Microsoft plans on laying off an additional 27 employees from its Redmond and Bellevue, Wash., locations, with the cuts due to take place Nov. 1. Microsoft made no indication of which division the cuts would come from.
A Microsoft spokesperson told the Seattle Times that the 27 layoffs had been enacted "to reduce costs and increase efficiencies," and that "while job eliminations are always difficult, we are taking these necessary actions to realign our resources against our top priorities."
The 27-employee cut follows on the heels of much larger staff eliminations earlier in 2009.
On Jan. 22, Microsoft announced plans to lay off up to 5,000 employees, with the substantial majority of those cuts enacted by the beginning of May. However, Microsoft CEO Steve Ballmer also left the door open to future reductions, sending an e-mail to employees that read in part: "We will continue to closely monitor the impact of the economic downturn on the company and, if necessary, take further actions on our cost structure including additional job eliminations."
Those job cuts caused something of a public-relations incident in February, after news leaked that Microsoft had asked laid-off employees to return portions of their severance checks, which Redmond said it overpaid due to an "inadvertent administrative error."
Faced with a backlash, Microsoft later reversed course and told employees that they could keep the overpayments, which reportedly ranged from a few hundred dollars to around $5,000 per employee.
Although the recent partnership agreement between Microsoft and Yahoo will result in an unspecified number of jobs being cut by Yahoo-along with other employees being integrated into Microsoft-there is no indication yet that the new alliance will end in job cuts on the Microsoft side.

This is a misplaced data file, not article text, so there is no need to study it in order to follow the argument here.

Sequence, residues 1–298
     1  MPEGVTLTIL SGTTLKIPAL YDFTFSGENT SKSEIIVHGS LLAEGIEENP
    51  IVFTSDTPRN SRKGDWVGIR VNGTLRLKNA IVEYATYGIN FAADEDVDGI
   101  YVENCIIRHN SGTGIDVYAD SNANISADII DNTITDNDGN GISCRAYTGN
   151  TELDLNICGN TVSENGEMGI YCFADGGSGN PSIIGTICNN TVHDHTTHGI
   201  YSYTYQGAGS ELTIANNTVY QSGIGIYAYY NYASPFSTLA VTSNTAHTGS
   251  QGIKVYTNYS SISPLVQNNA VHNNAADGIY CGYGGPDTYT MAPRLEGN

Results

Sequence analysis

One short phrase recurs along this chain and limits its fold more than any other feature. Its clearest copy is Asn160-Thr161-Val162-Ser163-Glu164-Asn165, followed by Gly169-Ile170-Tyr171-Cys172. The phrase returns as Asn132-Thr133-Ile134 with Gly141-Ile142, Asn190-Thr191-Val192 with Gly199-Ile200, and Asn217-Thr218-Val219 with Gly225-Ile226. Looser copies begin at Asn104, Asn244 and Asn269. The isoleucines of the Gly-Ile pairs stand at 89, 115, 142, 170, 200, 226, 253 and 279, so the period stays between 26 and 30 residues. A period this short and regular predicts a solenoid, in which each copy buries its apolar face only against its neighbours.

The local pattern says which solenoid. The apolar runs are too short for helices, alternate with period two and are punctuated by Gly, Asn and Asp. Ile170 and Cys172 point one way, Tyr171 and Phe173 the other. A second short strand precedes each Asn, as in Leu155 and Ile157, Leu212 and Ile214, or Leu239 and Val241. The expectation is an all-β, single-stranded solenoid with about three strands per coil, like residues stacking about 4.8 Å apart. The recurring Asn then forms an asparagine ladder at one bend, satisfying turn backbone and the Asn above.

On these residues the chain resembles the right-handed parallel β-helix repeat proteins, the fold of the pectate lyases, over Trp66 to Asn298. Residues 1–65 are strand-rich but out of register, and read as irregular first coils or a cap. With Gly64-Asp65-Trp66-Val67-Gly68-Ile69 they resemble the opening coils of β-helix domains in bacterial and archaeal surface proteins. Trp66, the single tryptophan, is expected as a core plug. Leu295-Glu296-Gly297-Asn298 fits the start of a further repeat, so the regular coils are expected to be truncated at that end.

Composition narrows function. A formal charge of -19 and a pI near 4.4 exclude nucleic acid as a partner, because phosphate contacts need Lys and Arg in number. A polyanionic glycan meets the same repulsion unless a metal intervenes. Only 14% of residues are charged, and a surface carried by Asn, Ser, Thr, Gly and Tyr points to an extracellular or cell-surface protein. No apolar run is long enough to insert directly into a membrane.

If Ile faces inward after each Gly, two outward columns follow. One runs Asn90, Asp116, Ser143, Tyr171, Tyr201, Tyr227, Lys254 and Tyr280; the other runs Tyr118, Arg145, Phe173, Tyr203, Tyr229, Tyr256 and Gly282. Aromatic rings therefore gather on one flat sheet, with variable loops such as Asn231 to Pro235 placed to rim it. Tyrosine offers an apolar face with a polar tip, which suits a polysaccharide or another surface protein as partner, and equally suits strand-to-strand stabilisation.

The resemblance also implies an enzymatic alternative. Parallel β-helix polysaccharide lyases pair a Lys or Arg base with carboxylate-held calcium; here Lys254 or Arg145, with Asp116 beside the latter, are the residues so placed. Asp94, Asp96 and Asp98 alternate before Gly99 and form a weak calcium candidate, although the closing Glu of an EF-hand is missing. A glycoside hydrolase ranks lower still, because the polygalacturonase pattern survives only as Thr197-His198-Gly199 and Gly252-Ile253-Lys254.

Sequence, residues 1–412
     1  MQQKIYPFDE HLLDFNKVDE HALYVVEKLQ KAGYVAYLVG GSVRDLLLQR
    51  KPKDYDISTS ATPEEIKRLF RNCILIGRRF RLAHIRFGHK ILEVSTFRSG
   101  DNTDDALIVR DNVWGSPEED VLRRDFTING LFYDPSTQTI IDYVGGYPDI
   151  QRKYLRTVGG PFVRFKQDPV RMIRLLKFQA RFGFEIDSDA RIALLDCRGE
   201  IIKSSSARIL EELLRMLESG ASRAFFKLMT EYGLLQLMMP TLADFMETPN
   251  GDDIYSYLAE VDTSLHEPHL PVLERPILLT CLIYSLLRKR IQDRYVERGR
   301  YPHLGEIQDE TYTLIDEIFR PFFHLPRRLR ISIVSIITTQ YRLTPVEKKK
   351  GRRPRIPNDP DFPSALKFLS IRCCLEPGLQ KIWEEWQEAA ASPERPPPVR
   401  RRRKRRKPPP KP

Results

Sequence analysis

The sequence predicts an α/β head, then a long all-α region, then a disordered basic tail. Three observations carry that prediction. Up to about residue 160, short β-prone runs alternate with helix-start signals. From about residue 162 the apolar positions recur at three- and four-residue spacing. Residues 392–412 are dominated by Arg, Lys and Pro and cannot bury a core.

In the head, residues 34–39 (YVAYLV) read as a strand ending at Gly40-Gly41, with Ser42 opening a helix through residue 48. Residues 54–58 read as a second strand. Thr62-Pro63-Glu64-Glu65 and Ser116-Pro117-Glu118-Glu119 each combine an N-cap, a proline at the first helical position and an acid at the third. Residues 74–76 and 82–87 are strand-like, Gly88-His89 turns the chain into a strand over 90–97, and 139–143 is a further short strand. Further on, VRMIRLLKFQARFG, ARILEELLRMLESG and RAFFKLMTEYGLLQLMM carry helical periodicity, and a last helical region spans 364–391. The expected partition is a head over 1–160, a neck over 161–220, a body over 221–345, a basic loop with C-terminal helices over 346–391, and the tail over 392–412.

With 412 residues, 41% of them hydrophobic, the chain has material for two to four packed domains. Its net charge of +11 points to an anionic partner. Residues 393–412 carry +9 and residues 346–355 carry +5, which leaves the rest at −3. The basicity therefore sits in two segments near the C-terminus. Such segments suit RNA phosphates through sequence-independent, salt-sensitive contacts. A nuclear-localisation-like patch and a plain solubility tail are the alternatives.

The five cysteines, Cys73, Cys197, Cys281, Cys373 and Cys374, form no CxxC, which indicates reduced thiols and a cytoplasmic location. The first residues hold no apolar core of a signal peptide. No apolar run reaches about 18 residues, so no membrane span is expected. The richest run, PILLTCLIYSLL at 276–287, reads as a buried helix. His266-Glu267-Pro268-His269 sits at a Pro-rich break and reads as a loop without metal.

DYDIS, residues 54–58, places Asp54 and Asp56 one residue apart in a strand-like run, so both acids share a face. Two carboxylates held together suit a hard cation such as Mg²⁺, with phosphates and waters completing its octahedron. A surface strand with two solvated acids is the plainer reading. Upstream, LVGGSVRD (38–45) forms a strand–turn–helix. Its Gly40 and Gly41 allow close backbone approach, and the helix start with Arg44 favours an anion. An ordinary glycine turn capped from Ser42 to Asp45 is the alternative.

In addition to layoffs, Microsoft has sought to restructure and consolidate its business practices through the elimination of various applications and services. Throughout 2009, Redmond has eliminated underperforming programs, such as Soapbox-its YouTube competitor-while also slashing legacy products such as Money and Encarta.
As the economic recession took a toll on the sales of PCs and other devices, Microsoft's cash flow suffered accordingly; the fourth fiscal quarter of 2009 saw the company report a 17 percent decline in year-over-year revenue, with earnings of $13.10 billion, roughly $1 billion below Wall Street estimates.
A major part of Microsoft's refocus centers on the new iterations of platforms such as Windows 7 and Office 2010, both of which need to be substantial hits with consumers and the enterprise if Microsoft wishes to reverse its current economic situation.